Adding A Basic Lock & Key Barrier System

Difficulty: Intermediate

This tutorial will cover implementing a basic lock and key system. The player can find a key, walk up to a lock, and use the key on the lock to delete the barrier. The lock can enable/disable consuming the key on interact, to reuse the same key for multiple locks. This tutorial will also optionally implementing using the key with the door system from the previous tutorial.

1. First, we need to add the keybind for the interact button and line trace. If you followed the previous door tutorial, you will already have this, so skip to step 4.

I will use as my key, but it can be whatever you want.

At the top of the editorclick Edit -> Project Settings. This will open the menu with all of the settings for this project specifically.

2. Let’s add the keybind now. First, go to the Input category on the left category list. Click the + on the right of the Action Mappings dropdown. Name the new bind Interact, and under that select a keybind. I’m choosing Left Shift, but it can be anything.

3. When the player presses the interact keybind, we need to filter for specific object types. We need to add a separate trace channel for interaction. When we draw the line, we can search specifically for the actors with this trace channel. Search for “trace” at the top to narrow down the results.

Now, click New Trace Channel to open our trace channel creation menu. Set the name to Interact, and set the Default Response to Ignore. Then, press Accept to confirm our creation.

The project settings are saved when you change things, so you can close this window now.

4. We need to add an array to keep track of what keys we have. Open the FirstPersonCharacter Blueprint in FirstPersonBP/Blueprints/

5. On the My Blueprint panel, add a variable called Keys, and change its type to String.

6. We want the keys variable to be an array, so we can store a bunch of them. Click the container button to the right of the variable type, and select the grid of squares. This grid represents an array.

Compile and Save.

7. Now we will create the actors. First, let’s make a simple barrier fence for this tutorial. Create a new Actor Blueprint titled BP_Interact_Barrier. I put mine in FirstPersonBP/Blueprints/Actors/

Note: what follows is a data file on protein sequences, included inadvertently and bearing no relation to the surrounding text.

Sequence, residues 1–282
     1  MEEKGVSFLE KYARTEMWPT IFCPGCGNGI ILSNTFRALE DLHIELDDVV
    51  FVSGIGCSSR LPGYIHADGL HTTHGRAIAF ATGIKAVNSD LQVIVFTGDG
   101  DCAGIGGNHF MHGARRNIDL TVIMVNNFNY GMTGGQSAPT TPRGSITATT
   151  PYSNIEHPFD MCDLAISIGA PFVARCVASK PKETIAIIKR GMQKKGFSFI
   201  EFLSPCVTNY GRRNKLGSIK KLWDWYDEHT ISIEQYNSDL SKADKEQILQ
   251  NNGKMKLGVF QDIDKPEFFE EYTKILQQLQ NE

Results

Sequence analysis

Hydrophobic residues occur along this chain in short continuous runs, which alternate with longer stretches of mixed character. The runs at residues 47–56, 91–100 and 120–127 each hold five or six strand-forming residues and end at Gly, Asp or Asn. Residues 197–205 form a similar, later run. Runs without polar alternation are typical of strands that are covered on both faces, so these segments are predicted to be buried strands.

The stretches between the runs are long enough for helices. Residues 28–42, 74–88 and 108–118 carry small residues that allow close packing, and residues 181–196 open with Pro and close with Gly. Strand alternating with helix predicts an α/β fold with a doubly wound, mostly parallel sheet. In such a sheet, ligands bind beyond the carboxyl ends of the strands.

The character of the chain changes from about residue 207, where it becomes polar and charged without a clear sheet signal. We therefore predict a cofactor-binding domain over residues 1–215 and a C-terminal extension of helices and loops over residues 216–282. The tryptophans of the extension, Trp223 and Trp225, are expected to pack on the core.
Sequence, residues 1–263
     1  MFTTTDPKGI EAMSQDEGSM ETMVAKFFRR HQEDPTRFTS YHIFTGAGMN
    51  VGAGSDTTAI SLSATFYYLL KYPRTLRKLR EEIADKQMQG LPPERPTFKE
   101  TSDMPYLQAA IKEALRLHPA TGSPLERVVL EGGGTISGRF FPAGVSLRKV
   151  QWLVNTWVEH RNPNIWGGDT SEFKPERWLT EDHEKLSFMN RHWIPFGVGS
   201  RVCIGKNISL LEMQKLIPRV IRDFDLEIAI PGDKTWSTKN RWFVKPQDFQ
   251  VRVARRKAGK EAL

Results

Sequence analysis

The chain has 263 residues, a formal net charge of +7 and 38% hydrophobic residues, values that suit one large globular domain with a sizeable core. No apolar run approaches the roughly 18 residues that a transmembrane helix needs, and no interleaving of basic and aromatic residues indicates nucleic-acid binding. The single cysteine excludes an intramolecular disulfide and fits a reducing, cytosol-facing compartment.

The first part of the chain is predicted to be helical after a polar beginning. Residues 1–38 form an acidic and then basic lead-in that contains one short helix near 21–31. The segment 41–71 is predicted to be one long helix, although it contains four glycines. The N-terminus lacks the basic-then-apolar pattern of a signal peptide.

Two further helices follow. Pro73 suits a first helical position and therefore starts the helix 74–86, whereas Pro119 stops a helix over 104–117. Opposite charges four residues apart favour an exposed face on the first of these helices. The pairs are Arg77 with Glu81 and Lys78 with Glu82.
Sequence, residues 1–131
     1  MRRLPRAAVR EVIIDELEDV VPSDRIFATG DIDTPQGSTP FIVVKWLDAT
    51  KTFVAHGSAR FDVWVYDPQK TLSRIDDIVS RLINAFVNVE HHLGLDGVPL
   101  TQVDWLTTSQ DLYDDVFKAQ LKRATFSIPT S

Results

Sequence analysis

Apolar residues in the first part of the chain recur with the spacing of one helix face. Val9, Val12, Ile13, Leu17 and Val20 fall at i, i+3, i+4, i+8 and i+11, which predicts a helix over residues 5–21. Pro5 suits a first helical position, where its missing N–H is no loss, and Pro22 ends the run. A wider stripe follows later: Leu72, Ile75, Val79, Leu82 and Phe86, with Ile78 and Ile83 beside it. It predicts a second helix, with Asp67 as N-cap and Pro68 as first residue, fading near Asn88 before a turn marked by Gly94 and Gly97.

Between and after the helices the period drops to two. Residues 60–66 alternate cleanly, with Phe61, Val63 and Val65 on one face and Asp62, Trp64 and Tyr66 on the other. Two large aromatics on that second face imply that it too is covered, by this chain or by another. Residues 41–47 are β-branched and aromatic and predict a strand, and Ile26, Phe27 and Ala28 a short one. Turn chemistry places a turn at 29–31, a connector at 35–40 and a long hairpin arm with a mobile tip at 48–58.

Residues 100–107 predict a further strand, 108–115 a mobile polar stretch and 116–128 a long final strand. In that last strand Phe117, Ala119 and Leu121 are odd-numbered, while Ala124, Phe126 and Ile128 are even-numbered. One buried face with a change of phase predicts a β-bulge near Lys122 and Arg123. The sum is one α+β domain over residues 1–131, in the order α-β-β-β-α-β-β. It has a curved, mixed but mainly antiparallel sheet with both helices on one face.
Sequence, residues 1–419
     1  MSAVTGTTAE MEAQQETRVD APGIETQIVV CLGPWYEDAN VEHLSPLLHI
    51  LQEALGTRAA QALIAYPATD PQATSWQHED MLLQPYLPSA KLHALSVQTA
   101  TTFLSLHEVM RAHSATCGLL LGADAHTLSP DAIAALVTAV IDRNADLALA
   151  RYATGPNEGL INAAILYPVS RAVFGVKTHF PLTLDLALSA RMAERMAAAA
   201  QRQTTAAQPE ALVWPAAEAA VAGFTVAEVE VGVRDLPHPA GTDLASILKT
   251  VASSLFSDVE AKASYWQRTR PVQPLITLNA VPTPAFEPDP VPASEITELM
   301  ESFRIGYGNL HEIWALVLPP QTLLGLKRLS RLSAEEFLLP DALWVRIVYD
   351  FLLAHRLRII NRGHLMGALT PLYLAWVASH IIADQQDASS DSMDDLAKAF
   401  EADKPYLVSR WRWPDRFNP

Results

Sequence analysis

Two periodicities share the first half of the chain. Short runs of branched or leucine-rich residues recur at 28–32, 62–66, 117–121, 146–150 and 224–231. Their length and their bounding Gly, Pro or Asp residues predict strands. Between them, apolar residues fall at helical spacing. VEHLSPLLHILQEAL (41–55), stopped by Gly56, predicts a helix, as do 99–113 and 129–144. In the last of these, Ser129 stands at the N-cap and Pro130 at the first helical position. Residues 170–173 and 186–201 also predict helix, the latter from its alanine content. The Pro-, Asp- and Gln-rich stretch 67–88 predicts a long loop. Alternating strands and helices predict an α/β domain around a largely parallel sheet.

Now, open the Blueprint.

8. Let’s add our version of a fence, which will simply be a rescaled cube. To add a cube to our actor, click Add Component -> Cube at the top left on the Components tab. Call it Fence.

9. Rescale the Fence on the Details panel on the right. I used:

X: 0.25

 Y: 2

Z: 1

10. With the fence still selected, scroll down to the Collision section, and change the Collision Preset to Custom. Under the Trace Responses, change Interact to Block.

11. Now, we’re going to make a variable that determines what the key is called. Add a variable called Key Name, and change its type to String.

Changing the variable to a String will change the color to pink on the Variables list.

12. Add another variable titled Consume On Interact, and change its type to Boolean.

13. Enable Instance Editable on the variable by pressing the closed eye on the variable name. This will change the icon to an open eye.

An open eye on a variable lets use change the variable on the actor in the level, and only affect that one actor.

This will let us pick if the key is eaten when we interact with the barrier.

14. Make the Key Name variable editable as well.

Compile and Save.

15. With the Key Name variable selected, on the Details panel change the Default Value to key1.

Again, Compile and Save.

16. Now, let’s add a custom event that runs when we interact with the fence. Right click in the event graph and type Add Custom Event. Name it On Interact.

17. In the custom event, cast to the FirstPersonCharacter, and get the Keys variable.

18. Connect the Keys variable to a Contains node, and have it check for the barrier’s Key Name variable.